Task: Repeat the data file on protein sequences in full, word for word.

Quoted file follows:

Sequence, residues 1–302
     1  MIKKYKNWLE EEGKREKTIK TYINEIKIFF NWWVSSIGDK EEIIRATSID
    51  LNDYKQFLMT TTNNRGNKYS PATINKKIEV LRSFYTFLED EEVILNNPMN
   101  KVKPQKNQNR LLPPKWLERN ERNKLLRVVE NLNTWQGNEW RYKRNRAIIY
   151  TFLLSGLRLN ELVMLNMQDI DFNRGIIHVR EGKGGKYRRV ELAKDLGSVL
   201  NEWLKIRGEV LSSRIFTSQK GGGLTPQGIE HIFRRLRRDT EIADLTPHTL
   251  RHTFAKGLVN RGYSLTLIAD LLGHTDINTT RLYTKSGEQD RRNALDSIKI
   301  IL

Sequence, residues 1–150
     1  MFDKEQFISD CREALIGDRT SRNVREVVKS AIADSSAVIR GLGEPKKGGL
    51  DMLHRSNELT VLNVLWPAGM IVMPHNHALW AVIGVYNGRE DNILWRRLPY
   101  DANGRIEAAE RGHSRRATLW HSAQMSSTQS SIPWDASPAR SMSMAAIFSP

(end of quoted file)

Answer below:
Sequence, residues 1–302
     1  MIKKYKNWLE EEGKREKTIK TYINEIKIFF NWWVSSIGDK EEIIRATSID
    51  LNDYKQFLMT TTNNRGNKYS PATINKKIEV LRSFYTFLED EEVILNNPMN
   101  KVKPQKNQNR LLPPKWLERN ERNKLLRVVE NLNTWQGNEW RYKRNRAIIY
   151  TFLLSGLRLN ELVMLNMQDI DFNRGIIHVR EGKGGKYRRV ELAKDLGSVL
   201  NEWLKIRGEV LSSRIFTSQK GGGLTPQGIE HIFRRLRRDT EIADLTPHTL
   251  RHTFAKGLVN RGYSLTLIAD LLGHTDINTT RLYTKSGEQD RRNALDSIKI
   301  IL

Sequence, residues 1–150
     1  MFDKEQFISD CREALIGDRT SRNVREVVKS AIADSSAVIR GLGEPKKGGL
    51  DMLHRSNELT VLNVLWPAGM IVMPHNHALW AVIGVYNGRE DNILWRRLPY
   101  DANGRIEAAE RGHSRRATLW HSAQMSSTQS SIPWDASPAR SMSMAAIFSP